I’ve always been a fanatic about researching the destinations I’m going to photograph, and by the time I get off a plane in a new city, I probably know more about the hidden parks and historic streets and buildings than most of the people living there.
“A good photograph is knowing where to stand.”
The statement seems disarmingly simple, especially when we discover it comes from Ansel Adams, arguably the greatest landscape photographer of the 20th century. Rudimentary on its surface but burgeoning with truth, it offers a glimpse into the mind of a photographic genius.
Nothing makes me madder than being told I have just taken a “lucky shot” — generally speaking, because on the day concerned I probably got out of bed at least five hours before my grudging critic.
There is a great story about Gary Player, the South African golf champion, hitting a hole in one at a tournament.
I learned the finer points of photo editing from one of the best in the business. He’s a mentor I’ve never met, but he’s with me every day.
When Arizona Highways hired me more than two decades ago, I thought myself the luckiest man on Earth. I’d made the leap from newspapers to the greatest landscape photography magazine in the world. The weight of carrying on the magazine’s celebrated photographic legacy was not lost on me. These were my salad days. And this was my big moment.
Digital photography has turned a world of possibilities into reality. It has alleviated photographic challenges and made visual communication much faster, easier and more fun. But offsetting these positives is a Pandora’s box of evils that have been released in the publishing world. Paramount among them is the issue of digital image manipulation.
We are frequently approached by photographers interested in receiving assignments through Black Star. “What is your selection process?” they want to know.
There is no formal system for selecting Black Star photographers — and there is no formal pecking order among our approximately 350 photographers, either. Our selection process is more art than science, and always has been.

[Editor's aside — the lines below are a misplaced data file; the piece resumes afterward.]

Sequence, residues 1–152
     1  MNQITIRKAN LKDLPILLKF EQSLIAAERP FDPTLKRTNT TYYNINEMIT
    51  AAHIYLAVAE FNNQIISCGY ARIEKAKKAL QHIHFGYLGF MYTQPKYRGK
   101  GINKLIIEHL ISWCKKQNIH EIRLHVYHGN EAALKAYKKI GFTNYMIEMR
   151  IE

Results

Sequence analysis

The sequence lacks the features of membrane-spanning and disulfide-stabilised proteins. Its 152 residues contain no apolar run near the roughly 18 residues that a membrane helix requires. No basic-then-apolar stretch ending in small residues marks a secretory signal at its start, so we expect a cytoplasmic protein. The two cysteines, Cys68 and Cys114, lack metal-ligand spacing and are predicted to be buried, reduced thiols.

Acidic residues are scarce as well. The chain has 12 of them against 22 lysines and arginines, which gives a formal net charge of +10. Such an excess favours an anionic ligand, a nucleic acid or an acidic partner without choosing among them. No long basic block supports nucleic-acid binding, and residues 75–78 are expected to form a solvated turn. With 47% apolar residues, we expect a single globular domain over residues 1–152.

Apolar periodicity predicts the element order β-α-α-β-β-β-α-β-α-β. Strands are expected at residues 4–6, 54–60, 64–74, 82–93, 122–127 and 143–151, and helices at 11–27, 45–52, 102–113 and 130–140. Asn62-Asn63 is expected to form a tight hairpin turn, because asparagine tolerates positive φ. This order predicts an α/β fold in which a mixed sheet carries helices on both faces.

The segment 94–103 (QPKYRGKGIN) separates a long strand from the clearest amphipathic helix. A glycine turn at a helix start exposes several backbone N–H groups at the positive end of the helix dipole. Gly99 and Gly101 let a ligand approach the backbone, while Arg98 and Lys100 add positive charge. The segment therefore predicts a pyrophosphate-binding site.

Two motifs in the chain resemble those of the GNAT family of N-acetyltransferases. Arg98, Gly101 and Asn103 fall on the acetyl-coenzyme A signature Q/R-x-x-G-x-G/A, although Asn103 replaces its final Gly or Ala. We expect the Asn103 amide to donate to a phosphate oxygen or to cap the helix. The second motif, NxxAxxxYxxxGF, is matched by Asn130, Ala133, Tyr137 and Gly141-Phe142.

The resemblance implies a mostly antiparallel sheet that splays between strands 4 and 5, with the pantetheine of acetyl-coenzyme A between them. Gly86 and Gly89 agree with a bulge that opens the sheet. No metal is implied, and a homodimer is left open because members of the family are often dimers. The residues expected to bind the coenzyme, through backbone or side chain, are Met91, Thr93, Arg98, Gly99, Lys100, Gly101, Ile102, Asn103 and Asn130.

Reuters has put forth its terms for submissions to You Witness News. Here are a few tidbits, and my thoughts:
This week, U.K-based stock photography portal Alamy released first quarter 2007 figures on contributors, percentage revenue and average pricing. In the quarter they added 920,952 images to their collection, which now totals more than eight million images.
The Industry Measure (formerly TrendWatch Graphic Arts) has released an update to its popular Stock Image Market Sizing report. The company collected data from graphic arts firms, creative firms, publishers and Internet design and development firms. Some key finding in this report are:
It’s happened again: a photographer is battling publicly with a glamorous model over usage rights.
Allan Detrich of the Toledo Blade took the photo at top left during a University of Toledo women’s basketball game. He submitted the bottom photo to his editors — inserting the basketball.
Christine Hutman, owner of the Chicago-based online business Pet Services Review, wrote Inc. magazine to ask the following question:
If you want to continue to take pictures for a living, it’s time to start learning to shoot video. Why? Because newspapers and magazines, the lifeblood of professional still photographers, are beginning to move away from print and toward online. Once online offerings have been established, video and sound become more appealing and a better way to tell stories than with still images. There is already movement in that direction and it’s a trend that can only increase.